Introducing the Grant’s Supermodel Credit Portfolio
Credit is what we are bullish on--cast-off residential mortgage-backed securities, senior bank loans, convertible bonds and corporate debentures, high-rated and middling. And it's credit that fills the new Grant's model portfolio. Expectantly, we call it our Supermodel Portfolio. May it deliver superior returns for 2009 and beyond.
A discussion of the Treasurys and gold...
The 2008 Investor of the Year award goes to a man who, through December 8, earned 26.9% by investing in exactly those assets on which Grant's is most bearish. . .
‘Intelligent Investor’ redux
The bear market has coughed up the names of eight companies that meet the exacting criteria that Benjamin Graham laid out in 1973 for stocks that a defensive investor might buy with confidence. To scan the requirements--seven in all--you wouldn't suppose that a single company could measure up. They are (1) adequate size, (2) a good balance sheet--current assets greater than two times liabilities, (3) 10 consecutive years of net profits. . .
Unprecedented, according to an electronic search of the financial press, is the frequency of the use of the word "unprecedented" to describe the crisis on Wall Street. Living eyes have never seen the likes of it. And no observer, living or dead, has ever witnessed a greater scale of intervention by any government to refloat a sinking economy than the one being mounted in Washington.
Now begins an attempt to see the crack-up of 2008 as our financial descendants might eventually see it. . .
"Some investors are so keen on [Middle Eastern] economies that they think the currencies have nowhere to go but up." So speculated The Wall Street Journal back in May, a time so distant that the oil price was actually rising. As 2008 deflates to a close, the currencies of Saudi Arabia, the United Arab Emirates and Qatar (as expressed in quotations on their one-year forward swap rates) are tipped for slight depreciation rather than moderate appreciation. Let it be said, however, that one Middle East currency is still chugging higher against the dollar. The readers of Grant's will not gasp to learn that it's . . .
House prices in Detroit had fallen by 12.5% from their 2005 peak when I visited in September 2007 in search of value-laden real estate. Prices have since dropped by another 18.6%. The declines are remarkable.
All year, central bankers have been saving the world by inflating their assets, often in new and imaginative ways. The holidays can't come soon enough for them. In the past 12 unforgettable months (just try to forget them), the Federal Reserve's assets grew by 146%, the European Central Bank's by 58% and the Swiss National Bank's by 74%. But the Bank of England puts them all in the shade with year-over-year growth of 158%.
Opportunities in derangement
A discussion of opportunities in the fixed income market.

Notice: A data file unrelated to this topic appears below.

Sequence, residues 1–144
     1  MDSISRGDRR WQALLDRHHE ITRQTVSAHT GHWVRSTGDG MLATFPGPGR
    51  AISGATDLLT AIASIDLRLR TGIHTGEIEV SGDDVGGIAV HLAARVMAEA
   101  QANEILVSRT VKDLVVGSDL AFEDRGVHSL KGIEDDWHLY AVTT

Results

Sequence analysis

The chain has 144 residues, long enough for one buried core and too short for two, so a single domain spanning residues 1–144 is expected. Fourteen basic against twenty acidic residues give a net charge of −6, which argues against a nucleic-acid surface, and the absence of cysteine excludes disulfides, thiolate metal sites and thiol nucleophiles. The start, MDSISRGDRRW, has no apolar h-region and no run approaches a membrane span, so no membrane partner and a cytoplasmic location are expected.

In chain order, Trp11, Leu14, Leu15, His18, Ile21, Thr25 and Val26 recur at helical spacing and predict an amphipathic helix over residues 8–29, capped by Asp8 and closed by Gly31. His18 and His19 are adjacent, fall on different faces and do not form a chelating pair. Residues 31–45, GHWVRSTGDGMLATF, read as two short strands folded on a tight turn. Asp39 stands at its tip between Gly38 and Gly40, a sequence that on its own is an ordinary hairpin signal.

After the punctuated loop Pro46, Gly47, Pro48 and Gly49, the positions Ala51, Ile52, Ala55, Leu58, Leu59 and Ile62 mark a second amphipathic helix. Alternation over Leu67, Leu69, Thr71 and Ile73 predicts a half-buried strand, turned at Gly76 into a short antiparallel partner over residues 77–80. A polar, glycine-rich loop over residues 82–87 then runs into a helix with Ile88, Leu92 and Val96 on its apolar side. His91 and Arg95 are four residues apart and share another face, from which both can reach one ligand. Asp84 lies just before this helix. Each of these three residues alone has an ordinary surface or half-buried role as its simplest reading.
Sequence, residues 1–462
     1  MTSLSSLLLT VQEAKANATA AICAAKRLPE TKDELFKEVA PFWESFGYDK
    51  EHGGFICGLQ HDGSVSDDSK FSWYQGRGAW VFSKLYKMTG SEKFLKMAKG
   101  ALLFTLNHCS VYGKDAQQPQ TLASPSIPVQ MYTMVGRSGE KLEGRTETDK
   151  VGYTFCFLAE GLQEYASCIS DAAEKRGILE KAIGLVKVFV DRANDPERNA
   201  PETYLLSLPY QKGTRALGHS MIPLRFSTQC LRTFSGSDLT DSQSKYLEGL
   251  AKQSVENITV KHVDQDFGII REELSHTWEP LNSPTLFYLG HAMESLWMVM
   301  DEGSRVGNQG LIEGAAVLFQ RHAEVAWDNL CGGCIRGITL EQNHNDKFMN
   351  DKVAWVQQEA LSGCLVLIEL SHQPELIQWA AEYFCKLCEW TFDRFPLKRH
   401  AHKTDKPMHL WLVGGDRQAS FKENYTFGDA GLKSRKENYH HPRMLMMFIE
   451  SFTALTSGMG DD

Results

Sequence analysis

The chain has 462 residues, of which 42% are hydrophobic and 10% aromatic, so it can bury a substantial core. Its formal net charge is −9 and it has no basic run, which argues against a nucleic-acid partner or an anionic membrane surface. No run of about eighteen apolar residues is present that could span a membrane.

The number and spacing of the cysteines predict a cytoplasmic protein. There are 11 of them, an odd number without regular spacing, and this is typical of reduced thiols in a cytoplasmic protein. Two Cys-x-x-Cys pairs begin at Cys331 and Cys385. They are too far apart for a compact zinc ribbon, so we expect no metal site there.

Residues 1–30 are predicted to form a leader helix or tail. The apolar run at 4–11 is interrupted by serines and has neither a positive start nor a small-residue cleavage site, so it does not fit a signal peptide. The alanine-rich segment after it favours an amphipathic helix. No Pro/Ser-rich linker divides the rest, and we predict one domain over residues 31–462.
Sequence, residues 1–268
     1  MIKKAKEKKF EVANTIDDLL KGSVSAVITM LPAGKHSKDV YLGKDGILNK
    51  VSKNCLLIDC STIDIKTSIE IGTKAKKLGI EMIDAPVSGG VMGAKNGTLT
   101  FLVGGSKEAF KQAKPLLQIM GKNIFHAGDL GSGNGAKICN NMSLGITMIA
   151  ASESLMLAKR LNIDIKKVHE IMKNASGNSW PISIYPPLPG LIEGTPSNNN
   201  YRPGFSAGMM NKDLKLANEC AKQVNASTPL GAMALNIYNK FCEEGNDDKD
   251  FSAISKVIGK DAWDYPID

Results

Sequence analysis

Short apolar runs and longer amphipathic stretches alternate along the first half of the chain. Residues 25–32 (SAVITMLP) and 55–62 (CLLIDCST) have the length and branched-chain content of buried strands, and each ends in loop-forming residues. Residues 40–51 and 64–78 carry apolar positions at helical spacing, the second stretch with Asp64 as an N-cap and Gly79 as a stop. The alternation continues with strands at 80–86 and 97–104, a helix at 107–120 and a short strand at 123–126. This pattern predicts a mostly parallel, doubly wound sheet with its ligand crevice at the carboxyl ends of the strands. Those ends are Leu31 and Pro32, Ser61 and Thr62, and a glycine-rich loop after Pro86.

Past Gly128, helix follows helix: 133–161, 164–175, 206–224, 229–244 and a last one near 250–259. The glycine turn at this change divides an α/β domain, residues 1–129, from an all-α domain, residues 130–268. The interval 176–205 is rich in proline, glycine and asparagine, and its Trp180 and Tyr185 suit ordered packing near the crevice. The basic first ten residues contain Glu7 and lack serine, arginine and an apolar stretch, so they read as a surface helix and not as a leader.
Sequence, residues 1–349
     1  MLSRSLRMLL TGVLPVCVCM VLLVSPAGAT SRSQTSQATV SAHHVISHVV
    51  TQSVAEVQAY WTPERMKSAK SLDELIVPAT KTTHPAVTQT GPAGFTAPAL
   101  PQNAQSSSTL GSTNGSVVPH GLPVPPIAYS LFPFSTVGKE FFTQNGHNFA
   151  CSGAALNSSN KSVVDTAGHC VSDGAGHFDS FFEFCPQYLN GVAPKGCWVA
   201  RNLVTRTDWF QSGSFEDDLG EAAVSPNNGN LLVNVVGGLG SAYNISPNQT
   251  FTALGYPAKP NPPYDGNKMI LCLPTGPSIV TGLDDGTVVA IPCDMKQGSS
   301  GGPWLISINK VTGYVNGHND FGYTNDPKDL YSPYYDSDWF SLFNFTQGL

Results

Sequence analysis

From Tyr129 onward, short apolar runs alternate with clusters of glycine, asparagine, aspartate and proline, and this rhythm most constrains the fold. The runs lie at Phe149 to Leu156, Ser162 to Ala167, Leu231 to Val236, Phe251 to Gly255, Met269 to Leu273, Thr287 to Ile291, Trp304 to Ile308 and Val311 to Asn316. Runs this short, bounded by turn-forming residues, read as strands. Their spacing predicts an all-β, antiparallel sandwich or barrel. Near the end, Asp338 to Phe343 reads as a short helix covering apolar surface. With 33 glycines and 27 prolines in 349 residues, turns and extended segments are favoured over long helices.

An obituary for Karl Hill.
A summary of Jim Chanos’s presentation at the Grant's Fall 200 Conference.
A discussion of commercial real estate.
Questions for Mr. Klarman
Time for value investors to remove hedges and play offense.
Cheap options to protect against future inflation.
Leon Cooperman’s reasons that investors can be optimistic today.
Bye-bye, then, $500 billion
Simon Mikhailovich updates the CDO market.
Malthus’s scarcity thesis may prove correct 30 years after it was popular.
Ivy Zelman presents the case for continued troubles in the housing markets.
A discussion of sovereign credit.
Eat my bread, sing my song
Compares the government’s investment in nine major banks with depression interventions.
A discussion of the leveraged loan market.
Keywords: leverage loans, high yield
'Dry powder,' reconsidered
Revisiting a company too expensive six months ago that has been become substantially cheaper.
An update on a cheap company that has become cheaper.
A comparison of Congressional hearings today and in the depression.
A discussion of monetary policy.
On the subtlety of the obvious
A discussion of what value investing is and what it isn’t.
A discussion of transaction dependent real estate companies.
The carry trade is in full force despite economic stress in countries with high yielding currencies.
Merrill's mortgage blowout
A discussion of Merrill Lynch’s CDO sale and the distressed CDO opportunity.
A summation of mortgage exposure on Wall Street.
A discussion of inflation.
The trouble with Prosperity
A guide to investing in leveraged financial institutions in the eye of a credit storm.
A discussion of a restaurant that recently completed an acquisition that has resulted in a leveraged balance sheet.
A comparison of central bank balance sheet growth.
A comparison of 2005 and 2007 RMBS deals.
A discussion of the last 25 years in the U.S. Treasury market.
A discussion of inflation in countries with currencies tied to the U.S. dollar.
A comparison of two large capitalization companies that have their immediate futures tied to house prices.
A progress report on three failed leveraged buyouts.
A reader submits a riddle via e-mail.
Another refinery is acquired with high leverage.
Ways to make a bearish bet on Treasurys.
'Inflation' by any other name
Inflation continues to be imported.
The close of the era of peace and quiet
The era of disinflation caused by globalization is nearing its end.